Back to contents

Patient empowerment

Since January 2003, all NHS bodies have had a legal duty to involve and consult the public about the running of local health services.

There are a number of ways you can become involved in shaping the way primary care is provided, either nationally or locally.  

Some GP surgeries have patient participation groups (PPGs). These are practice-based and should represent the population served by the practice. PPGs help collect the views of patients through surveys and collecting feedback. Members can advise the practice and its patients on systems and services. They liaise with other PPGs, lobby for health services, and are also involved in the recruitment of staff, including GPs.

While most PPGs focus on local issues, some do extend their focus to national issues. PPGs exist in around half of GP practices; speak to your practice receptionist to find out about PPGs in your area.

Visit the National Association for Patient Participation (NAPP) website for more information on PPGs.

You can rate health services you have used, and add comments, by visiting sites such as iWantGreatCare ( or your local NHS website ( or see Getting more information).

From October 2012, Healthwatch is the new independent ‘consumer champion’. It aims to gather and represent the views of the public about health and social care services in England, and will report to the Care Quality Commission.

Local Healthwatch organisations will start operating from April 2013. They will take over the work from Local Involvement Networks (LINks). The membership of local Healthwatch organisations should reflect the local community. The bodies are intended to help local health services meet the needs of people in their community by representing the views of patients, communicating patient experiences and working to improve their access to advice and information. You can find out more about Healthwatch at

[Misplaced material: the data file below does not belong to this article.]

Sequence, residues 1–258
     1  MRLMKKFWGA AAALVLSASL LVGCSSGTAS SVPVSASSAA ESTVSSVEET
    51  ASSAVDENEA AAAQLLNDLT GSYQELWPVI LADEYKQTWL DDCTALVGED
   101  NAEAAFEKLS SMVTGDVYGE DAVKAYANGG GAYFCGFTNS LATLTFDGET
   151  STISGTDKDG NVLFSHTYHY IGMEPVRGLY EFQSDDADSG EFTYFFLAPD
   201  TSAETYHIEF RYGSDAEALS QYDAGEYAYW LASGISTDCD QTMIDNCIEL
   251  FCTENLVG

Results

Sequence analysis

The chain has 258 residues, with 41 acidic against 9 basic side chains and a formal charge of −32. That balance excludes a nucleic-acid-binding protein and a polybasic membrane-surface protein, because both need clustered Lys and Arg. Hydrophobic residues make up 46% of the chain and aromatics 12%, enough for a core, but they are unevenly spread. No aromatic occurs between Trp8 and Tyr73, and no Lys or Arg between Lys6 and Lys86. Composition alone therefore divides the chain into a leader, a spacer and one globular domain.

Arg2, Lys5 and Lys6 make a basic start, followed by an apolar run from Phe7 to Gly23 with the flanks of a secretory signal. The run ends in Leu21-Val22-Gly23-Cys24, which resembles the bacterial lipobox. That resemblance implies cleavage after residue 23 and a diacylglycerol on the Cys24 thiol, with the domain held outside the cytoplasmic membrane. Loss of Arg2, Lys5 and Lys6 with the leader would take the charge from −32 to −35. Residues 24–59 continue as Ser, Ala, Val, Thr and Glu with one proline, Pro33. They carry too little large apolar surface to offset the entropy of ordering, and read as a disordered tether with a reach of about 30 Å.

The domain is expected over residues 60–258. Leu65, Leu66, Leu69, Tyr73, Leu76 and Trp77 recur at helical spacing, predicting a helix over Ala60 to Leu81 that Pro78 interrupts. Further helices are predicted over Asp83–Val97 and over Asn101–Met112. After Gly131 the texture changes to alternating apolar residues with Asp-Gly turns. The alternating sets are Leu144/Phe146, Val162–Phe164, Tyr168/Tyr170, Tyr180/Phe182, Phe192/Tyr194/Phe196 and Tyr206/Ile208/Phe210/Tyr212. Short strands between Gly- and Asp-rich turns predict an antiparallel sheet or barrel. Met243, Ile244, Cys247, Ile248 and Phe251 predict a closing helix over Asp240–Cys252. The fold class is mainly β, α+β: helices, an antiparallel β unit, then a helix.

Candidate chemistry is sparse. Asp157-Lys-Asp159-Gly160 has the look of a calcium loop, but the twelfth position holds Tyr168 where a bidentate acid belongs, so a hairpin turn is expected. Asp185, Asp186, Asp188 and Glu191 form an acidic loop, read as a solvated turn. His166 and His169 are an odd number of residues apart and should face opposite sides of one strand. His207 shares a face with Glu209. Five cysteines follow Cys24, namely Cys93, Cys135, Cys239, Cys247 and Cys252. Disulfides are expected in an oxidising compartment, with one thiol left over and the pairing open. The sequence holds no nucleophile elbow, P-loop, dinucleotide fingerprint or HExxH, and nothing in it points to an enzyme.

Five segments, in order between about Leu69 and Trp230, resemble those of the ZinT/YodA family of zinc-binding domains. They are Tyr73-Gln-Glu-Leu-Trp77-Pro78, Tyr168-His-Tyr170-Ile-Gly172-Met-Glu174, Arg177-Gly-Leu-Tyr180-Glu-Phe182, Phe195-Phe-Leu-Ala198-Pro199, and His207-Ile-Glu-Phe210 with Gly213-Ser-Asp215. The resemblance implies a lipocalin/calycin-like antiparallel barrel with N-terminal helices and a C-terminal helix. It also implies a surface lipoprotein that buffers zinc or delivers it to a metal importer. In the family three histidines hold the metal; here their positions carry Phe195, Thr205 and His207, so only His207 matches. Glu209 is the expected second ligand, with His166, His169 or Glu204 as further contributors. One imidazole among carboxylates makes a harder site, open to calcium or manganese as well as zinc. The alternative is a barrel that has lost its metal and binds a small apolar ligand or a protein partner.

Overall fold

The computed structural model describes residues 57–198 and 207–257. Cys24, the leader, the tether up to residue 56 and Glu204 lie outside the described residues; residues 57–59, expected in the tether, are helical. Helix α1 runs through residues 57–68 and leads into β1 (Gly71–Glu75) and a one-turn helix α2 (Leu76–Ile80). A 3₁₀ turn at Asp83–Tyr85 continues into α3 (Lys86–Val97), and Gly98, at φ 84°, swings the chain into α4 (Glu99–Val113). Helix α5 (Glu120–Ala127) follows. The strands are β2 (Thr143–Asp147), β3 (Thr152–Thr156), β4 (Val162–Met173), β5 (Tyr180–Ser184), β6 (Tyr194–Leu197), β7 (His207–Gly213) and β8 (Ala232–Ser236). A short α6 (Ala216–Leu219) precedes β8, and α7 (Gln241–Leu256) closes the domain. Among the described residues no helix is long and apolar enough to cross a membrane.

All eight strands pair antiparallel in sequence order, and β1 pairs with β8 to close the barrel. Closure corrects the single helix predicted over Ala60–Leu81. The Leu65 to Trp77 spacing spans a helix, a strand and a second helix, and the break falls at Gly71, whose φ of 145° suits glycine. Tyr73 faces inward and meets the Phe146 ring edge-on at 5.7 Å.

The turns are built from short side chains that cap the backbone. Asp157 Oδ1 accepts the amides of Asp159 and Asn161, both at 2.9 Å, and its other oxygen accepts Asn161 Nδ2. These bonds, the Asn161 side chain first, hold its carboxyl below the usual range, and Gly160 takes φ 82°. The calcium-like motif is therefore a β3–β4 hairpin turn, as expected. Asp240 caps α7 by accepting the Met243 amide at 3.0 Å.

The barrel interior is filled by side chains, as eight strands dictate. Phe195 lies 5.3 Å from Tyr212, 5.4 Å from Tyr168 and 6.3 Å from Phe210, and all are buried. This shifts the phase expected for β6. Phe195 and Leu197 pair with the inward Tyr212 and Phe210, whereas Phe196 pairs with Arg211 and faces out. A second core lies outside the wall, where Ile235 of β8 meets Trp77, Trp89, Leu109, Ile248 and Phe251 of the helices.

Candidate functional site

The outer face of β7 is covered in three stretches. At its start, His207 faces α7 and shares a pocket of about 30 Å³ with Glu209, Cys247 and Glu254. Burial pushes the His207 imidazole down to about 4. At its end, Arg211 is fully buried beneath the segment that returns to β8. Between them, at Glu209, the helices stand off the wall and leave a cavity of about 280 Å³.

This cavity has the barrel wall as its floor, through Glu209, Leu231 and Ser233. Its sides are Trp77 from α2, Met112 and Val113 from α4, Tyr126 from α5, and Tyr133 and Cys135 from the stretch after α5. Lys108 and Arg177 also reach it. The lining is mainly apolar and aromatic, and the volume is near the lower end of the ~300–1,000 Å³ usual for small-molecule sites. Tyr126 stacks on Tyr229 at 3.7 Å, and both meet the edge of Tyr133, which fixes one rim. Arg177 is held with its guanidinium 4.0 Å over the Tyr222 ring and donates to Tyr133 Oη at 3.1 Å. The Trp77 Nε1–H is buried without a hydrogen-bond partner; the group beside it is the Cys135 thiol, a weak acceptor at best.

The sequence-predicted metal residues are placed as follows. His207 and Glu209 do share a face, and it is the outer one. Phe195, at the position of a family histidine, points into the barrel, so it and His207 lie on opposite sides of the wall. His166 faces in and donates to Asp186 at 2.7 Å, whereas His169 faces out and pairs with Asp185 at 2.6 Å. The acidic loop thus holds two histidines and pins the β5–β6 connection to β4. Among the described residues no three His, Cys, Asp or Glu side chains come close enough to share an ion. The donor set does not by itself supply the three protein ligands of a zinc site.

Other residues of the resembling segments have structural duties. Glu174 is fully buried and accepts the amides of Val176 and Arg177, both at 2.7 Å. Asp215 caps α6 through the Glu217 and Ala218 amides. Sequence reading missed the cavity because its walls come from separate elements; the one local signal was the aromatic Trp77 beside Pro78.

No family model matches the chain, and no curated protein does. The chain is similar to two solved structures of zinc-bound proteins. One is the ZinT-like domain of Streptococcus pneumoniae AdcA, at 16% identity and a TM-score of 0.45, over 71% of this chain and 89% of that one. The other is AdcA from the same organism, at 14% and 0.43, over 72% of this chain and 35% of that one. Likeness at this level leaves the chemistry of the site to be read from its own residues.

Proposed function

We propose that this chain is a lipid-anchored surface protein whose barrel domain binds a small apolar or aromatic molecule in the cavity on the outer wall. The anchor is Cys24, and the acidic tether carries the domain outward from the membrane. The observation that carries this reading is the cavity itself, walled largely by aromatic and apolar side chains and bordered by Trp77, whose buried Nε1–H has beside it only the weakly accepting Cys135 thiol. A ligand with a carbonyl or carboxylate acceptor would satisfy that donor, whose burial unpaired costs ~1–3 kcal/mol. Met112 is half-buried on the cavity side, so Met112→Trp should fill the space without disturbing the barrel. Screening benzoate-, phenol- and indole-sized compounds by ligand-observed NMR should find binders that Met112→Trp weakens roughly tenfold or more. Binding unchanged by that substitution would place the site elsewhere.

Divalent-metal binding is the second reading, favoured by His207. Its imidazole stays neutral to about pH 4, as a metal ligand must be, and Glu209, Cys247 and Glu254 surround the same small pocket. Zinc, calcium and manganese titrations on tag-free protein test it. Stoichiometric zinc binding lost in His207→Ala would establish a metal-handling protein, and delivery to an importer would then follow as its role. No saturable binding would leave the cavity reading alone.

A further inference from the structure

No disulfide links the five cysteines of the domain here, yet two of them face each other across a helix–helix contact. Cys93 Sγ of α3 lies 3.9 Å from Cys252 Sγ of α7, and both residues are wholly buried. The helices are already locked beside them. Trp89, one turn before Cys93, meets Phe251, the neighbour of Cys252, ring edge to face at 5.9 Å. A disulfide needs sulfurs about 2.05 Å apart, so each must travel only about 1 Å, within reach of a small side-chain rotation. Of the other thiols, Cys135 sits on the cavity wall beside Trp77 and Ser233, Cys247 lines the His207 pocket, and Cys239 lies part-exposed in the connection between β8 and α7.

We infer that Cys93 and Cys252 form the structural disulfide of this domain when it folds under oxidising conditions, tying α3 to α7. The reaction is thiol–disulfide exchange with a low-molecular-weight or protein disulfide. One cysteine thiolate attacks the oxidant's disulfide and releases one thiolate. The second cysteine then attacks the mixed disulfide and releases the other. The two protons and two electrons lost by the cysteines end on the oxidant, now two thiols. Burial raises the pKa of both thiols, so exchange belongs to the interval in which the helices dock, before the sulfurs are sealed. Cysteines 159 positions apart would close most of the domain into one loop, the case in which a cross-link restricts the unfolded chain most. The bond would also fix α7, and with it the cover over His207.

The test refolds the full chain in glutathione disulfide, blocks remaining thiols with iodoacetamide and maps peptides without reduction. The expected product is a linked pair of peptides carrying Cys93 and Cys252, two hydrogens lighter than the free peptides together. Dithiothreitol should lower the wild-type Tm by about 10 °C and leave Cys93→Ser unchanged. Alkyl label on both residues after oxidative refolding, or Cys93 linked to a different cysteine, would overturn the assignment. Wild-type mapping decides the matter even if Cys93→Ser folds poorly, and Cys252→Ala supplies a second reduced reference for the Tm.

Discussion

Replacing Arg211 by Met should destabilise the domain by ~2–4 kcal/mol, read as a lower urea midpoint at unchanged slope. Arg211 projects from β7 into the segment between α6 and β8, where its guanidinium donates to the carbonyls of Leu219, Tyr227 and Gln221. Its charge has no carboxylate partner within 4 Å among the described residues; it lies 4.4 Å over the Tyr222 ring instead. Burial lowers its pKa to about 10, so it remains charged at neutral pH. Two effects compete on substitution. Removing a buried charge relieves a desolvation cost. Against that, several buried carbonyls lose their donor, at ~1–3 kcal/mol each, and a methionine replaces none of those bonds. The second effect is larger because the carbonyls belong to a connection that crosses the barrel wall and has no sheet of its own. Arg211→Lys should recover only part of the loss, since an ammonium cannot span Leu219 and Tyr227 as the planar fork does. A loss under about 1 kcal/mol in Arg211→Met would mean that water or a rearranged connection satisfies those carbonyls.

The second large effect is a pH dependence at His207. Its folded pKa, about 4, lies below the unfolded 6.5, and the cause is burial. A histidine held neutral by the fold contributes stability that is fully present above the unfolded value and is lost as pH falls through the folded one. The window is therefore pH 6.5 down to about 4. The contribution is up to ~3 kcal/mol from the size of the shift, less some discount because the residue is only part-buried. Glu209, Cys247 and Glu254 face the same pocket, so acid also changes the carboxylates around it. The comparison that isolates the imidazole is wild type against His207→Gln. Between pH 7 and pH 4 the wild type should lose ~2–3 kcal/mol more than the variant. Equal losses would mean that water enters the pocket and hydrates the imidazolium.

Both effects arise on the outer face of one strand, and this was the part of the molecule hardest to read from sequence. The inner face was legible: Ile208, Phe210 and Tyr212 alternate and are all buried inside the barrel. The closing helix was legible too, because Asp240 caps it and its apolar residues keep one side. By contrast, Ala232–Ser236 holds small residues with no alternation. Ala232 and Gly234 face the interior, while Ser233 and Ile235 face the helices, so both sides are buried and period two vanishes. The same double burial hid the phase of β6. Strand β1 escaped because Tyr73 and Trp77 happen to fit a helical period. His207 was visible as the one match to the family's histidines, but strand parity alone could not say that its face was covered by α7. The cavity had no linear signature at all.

In Scotland, the Public Partnership Forum provides an opportunity for patients to become involved in shaping health services:

In Northern Ireland, you can join the Health and Social Care Patient Client Council:

Contact your local Health Board to get involved in Wales:

There are other ways to become involved in shaping the medical care you receive. These include:

  • forming or joining an HIV clinic patient group.
  • visiting or writing to your MP.
  • getting local businesses interested in HIV prevention and provision of support.
  • writing to the media.
  • raising issues in e-forums such as THT’s campaigning website ( or general campaigning websites such as

HIV, GPs & other primary care

Published October 2012

Last reviewed October 2012

Next review October 2014

Contact NAM to find out more about the scientific research and information used to produce this booklet.

This content was checked for accuracy at the time it was written. It may have been superseded by more recent developments. NAM recommends checking whether this is the most current information when making decisions that may affect your health.
Community Consensus Statement on Access to HIV Treatment and its Use for Prevention

Together, we can make it happen

We can end HIV soon if people have equal access to HIV drugs as treatment and as PrEP, and have free choice over whether to take them.

Launched today, the Community Consensus Statement is a basic set of principles aimed at making sure that happens.

The Community Consensus Statement is a joint initiative of AVAC, EATG, MSMGF, GNP+, HIV i-Base, the International HIV/AIDS Alliance, ITPC and NAM/aidsmap